The implication here is that some sins—sins not dealt with and forgiven in this age—must be dealt with and forgiven in the age to come. We will be held accountable to these sins at the judgment seat of Christ, penalized and ultimately forgiven. This does not in any way mean that the sufferings of Christ were insufficient to save us. All of our sins that are “under the blood” are forgiven; it’s the sins that are not “under the blood” when we die that must be dealt with at the judgment seat of Christ.
The judgment seat of Christ will also include an examination of our works. Some legitimate Christians tend to be rather lazy and disinterested in the kingdom of God; they consequently produce little or no “works” for the advancement of God’s kingdom in this life. Such an absence of works will be viewed as sins of omission. For the rest of us, however, our works will be examined and tested at the judgment seat of Christ.
In this passage the apostle Paul addresses the fact that a minister’s work will be judged:
1 CORINTHIANS 3:12-15
If any man [i.e. Christian minister] builds on this foundation [of Jesus Christ] using gold, silver, costly stones, wood, hay or straw, (13) his work will be shown for what it is, because the Day will bring it to light. It will be revealed with fire, and the fire will test the quality of each man’s work. (14) If what he has built survives, he will receive his reward. (15) If it is burned up, he will suffer loss; he himself will be saved, but only as one escaping through the flames.
This passage contextually refers to a pastor’s work of building a church congregation, that is, a group of Christian disciples (see verses 6-10 for verification). The foundation that the minister builds on is the foundation of salvation through Christ. The pastor can build on this foundation with gold, silver and costly stones or with wood, hay and straw. “Gold, silver and costly stones” is a metaphor for sound biblical doctrine and Christ-like leadership, whereas “wood, hay and straw” represents unsound doctrine and ineffective or abusive leadership.
At the judgment seat of Christ every minister’s work will be tested by fire. If what they have built survives they will be rewarded. The only works that will survive this test of fire is “gold, silver and costly stones.” If the ministers’ works are “wood, hay and straw” these works will be burned up. The minister himself (or herself) won’t lose their salvation but they will certainly “suffer loss.” This indicates that even though it is technically their works that will be tested and burned up, these ministers will personally feel pain or discomfort as a result.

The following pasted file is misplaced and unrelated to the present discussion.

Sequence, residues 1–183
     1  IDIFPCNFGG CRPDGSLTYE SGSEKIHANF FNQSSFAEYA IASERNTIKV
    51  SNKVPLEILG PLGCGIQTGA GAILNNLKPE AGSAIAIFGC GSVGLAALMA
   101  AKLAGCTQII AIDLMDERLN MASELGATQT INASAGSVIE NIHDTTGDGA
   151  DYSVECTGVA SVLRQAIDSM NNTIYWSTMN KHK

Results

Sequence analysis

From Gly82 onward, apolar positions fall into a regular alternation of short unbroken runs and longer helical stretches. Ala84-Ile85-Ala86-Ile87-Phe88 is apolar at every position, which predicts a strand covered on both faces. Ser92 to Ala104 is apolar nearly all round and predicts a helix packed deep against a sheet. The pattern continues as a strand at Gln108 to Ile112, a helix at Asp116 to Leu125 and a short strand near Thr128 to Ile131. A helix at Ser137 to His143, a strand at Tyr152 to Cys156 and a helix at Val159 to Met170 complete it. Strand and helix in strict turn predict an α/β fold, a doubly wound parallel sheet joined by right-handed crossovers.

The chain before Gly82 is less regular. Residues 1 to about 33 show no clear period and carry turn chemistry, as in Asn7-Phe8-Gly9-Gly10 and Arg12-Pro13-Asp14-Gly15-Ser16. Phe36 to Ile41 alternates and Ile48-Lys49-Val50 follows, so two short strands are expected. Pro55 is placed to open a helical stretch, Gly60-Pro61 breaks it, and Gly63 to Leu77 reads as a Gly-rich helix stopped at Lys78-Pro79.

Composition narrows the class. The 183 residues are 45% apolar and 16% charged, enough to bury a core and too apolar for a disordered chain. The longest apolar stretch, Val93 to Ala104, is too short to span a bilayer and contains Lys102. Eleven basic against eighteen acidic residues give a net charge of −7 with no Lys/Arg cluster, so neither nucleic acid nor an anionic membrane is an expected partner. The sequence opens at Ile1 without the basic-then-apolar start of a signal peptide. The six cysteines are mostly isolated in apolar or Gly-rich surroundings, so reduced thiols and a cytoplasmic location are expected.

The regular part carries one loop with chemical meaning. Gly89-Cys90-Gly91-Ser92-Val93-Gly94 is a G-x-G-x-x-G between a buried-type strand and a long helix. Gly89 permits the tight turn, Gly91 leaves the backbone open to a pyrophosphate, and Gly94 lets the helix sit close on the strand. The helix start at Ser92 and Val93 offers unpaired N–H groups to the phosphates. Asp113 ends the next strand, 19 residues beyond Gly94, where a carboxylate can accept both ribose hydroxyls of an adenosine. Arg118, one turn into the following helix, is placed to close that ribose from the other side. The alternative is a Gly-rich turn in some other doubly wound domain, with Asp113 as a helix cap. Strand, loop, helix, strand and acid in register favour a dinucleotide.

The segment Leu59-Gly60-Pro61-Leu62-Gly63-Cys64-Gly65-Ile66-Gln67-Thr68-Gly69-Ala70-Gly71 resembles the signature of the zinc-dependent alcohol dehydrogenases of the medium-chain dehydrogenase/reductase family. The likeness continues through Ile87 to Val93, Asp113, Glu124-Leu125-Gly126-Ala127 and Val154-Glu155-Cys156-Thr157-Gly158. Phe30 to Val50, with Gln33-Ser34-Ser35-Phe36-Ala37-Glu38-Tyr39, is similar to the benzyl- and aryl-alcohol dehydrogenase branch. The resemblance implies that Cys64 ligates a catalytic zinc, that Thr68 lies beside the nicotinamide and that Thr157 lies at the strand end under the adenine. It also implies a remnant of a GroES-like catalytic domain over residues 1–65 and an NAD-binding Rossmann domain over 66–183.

What about abusive pastors and teachers who administer “wood, hay and straw” to such a harmful degree that it severely damages people, even driving some away from the Lord — in effect destroying their Christian faith? Paul answers this question with the very next verse:
1 CORINTHIANS 3:16
Don’t you know that you yourselves are God’s temple and that God’s Spirit lives in you? (17) If anyone destroys God’s temple, God will destroy him; for God’s temple is sacred and you are that temple.
This is a sobering warning for all Christian ministers. Paul makes it clear that every believer is “God’s temple;” every Christian is a sacred temple in which the Holy Spirit dwells. Verse 17 solemnly declares that God will destroy any person who destroys this temple. The context is referring to pastors and teachers who destroy Christians with their “wood, hay and straw,” which, again, represent unbiblical doctrine and abusive actions. Many have used verse 17 to preach against smoking and alcohol abuse but the context is plainly referring to ministers whose teachings and actions cause people to fall away from God, in effect destroying God’s temple.
We all know what Paul’s talking about here. Jim Jones is a perfect example of a supposed Christian minister whose work ultimately destroyed naïve believers and could therefore properly be categorized as “wood, hay and straw.” David Koresh is another fitting example. These are just two well-known extreme cases; I’m sure there are less extreme cases in your area.
Notice what verse 17 plainly states God will do to such a pastor or teacher whose work destroys people: “God will destroy him.” This means that God will cut the abusive, hypocritical minister off from salvation and cast him into the lake of fire where he will “destroy both soul and body,” as Jesus put it in Matthew 10:28. Please note that God will destroy such persons — eradicate them from existence — not subject them to never-ending conscious torture. This is further support for the view of literal destruction.
Although this passage from 1 Corinthians 3 contextually refers to the testing of the work of pastors and teachers, we can apply it to all Christians because every believer is called to serve the Lord on this earth, even though the vast majority are not called to pastoral/teaching ministry. Each Christian will have works that God calls him or her to do and these works will be appraised at the judgment seat of Christ. For example, God will call Christians to witness to certain people in their lives; this work will ultimately be tested at the judgment seat of Christ. Their motives will be evaluated: Did they witness to these people because they love them as God loves them and are following the leading of the Holy Spirit or did they witness to them to fulfill an evangelistic quota or to appear pious? Needless to say, works produced from fleshly motives are “wood, hay and straw” and will be burned up.
Jesus taught a parable that coincides with Paul’s teaching from 1 Corinthians 3: